Editorials

Managing osteoarthritis of the knee

BMJ 2004; 329 doi: https://doi.org/10.1136/bmj.329.7478.1300 (Published 02 December 2004) Cite this as: BMJ 2004;329:1300
  1. Domhnall MacAuley (domhnall.macauley@ntlworld.com), general practitioner
  1. Hillhead Family Practice, Belfast BT11 9FZ

    NSAIDs and other measures offer only short term benefits—up to surgery

    A slightly swollen and aching knee. Walking is difficult, the stairs are almost impossible, and so begins the downward spiral of inactivity, immobility, and weight gain. Osteoarthritis of the knee is a familiar picture, presenting usually when it is too painful to ignore but too early for surgery. Patients have often already made the diagnosis themselves and seek a solution. They want pain relief so they can walk, kneel, climb a ladder, shop, or simply get around in comfort. Most patients have tried paracetamol, hot water bottles, someone else's great new tablets, a cabbage leaf, various herbal or homoeopathic medications, prayer, copper bracelets, and many other remedies before asking for help. Most general practitioners would reach for the keyboard tapping out their favourite non-steroidal anti-inflammatory (NSAID).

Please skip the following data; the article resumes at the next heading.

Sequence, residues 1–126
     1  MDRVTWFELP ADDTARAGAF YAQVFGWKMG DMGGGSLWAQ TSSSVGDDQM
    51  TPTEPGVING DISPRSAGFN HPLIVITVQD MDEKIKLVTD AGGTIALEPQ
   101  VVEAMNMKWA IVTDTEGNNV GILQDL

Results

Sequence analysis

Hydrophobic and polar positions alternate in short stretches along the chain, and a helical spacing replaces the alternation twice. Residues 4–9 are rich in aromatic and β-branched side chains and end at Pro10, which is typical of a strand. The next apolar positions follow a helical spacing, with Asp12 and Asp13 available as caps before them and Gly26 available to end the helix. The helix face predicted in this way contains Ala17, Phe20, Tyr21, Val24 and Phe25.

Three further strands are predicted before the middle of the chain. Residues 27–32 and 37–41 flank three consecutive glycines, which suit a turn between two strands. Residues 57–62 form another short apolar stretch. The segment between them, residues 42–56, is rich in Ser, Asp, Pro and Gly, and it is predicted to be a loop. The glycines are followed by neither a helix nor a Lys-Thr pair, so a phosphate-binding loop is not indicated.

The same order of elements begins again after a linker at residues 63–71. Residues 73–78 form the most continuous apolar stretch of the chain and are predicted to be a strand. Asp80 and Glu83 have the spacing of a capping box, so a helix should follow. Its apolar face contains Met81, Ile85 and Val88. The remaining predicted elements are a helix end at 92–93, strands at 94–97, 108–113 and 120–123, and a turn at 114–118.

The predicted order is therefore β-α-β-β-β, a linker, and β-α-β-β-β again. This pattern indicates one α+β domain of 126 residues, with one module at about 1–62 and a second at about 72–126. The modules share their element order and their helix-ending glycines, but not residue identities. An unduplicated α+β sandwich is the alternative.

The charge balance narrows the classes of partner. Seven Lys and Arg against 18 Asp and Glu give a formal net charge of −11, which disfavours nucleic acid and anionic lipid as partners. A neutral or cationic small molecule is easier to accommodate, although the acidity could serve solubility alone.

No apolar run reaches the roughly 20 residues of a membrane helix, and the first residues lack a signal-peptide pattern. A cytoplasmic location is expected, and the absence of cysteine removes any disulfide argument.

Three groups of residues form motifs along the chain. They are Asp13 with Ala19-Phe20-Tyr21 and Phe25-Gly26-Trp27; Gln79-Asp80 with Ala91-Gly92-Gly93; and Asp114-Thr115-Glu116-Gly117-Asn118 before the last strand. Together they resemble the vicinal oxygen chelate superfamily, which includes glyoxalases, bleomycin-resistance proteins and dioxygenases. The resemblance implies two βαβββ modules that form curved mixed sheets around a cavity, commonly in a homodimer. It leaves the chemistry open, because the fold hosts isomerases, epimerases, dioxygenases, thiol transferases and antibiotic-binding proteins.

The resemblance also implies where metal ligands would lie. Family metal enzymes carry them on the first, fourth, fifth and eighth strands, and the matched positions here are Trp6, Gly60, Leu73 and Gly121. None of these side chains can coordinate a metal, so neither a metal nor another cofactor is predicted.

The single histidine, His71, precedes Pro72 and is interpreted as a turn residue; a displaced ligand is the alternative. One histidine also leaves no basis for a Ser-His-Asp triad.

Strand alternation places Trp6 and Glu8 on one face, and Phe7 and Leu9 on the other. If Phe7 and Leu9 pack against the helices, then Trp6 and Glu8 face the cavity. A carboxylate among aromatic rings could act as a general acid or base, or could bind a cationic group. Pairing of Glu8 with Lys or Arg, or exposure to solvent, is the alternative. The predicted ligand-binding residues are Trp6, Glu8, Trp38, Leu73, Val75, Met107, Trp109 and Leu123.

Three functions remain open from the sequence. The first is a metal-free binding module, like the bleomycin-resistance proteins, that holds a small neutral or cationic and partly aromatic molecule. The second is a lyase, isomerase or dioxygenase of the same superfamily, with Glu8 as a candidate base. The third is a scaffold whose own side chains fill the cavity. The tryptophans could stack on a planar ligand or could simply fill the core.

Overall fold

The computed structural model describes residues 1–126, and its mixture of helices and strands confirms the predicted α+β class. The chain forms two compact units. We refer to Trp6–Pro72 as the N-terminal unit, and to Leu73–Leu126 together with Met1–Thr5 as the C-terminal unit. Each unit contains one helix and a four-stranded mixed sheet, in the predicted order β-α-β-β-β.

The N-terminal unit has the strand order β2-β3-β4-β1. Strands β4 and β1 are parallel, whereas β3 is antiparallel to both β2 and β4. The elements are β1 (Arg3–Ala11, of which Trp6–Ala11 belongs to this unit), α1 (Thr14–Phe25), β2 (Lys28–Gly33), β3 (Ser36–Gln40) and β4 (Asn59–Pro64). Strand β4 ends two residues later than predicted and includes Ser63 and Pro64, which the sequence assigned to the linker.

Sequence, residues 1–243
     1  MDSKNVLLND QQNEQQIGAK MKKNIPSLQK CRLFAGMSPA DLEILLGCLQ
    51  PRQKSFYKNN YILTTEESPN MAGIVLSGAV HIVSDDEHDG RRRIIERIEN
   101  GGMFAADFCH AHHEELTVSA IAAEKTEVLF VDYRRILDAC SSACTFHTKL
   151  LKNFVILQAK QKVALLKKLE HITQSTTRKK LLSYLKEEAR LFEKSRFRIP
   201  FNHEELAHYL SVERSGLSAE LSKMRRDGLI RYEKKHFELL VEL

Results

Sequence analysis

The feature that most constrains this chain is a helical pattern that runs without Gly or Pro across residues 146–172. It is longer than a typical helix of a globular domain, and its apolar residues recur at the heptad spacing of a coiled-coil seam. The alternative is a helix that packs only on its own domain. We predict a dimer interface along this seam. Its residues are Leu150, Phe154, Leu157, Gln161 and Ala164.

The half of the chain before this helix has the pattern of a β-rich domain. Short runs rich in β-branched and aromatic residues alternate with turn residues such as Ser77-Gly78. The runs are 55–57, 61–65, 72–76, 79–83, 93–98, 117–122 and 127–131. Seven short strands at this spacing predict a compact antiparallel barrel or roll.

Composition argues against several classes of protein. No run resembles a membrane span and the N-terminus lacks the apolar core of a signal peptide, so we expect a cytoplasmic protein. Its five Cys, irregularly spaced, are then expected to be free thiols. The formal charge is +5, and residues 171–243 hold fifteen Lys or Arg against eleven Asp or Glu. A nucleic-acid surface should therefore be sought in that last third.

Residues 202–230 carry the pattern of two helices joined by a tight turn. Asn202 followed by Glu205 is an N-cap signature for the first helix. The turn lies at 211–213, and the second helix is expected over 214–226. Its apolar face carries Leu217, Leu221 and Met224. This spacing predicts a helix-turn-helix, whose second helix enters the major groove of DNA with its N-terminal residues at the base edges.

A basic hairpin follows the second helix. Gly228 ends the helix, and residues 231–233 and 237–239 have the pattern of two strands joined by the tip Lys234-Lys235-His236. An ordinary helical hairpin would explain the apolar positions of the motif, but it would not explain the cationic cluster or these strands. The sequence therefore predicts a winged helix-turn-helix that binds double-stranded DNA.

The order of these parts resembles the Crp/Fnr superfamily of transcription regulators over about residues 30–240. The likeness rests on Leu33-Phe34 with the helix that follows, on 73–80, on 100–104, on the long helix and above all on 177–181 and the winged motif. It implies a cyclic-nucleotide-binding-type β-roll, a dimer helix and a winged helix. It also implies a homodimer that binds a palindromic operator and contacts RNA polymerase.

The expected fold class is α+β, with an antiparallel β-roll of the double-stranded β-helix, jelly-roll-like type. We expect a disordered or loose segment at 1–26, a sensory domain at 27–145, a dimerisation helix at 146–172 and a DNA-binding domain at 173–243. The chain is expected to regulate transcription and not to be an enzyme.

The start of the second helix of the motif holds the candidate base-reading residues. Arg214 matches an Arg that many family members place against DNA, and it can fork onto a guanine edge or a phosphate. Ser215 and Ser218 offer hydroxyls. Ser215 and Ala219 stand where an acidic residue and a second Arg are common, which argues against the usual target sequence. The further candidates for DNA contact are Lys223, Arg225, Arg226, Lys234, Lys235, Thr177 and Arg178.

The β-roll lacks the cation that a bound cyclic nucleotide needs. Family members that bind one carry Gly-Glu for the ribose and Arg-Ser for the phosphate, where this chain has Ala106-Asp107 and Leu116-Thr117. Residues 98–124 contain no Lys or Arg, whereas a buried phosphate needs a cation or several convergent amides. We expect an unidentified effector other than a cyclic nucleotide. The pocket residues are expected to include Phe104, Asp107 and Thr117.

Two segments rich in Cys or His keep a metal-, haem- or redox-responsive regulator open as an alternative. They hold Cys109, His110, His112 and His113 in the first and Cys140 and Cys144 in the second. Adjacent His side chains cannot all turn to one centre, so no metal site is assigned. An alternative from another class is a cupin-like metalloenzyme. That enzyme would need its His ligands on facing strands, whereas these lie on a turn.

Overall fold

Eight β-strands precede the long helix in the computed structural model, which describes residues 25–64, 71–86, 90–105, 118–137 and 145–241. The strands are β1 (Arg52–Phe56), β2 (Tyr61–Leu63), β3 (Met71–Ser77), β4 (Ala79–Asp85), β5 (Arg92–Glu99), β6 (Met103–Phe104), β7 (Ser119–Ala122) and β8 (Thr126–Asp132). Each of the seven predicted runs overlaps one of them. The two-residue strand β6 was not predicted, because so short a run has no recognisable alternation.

NSAIDs do not seem to offer a long term solution. In a comprehensive systematic review and meta-analysis of randomised placebo controlled trials in this issue of the journal, we learn that NSAIDs can reduce short term pain only …

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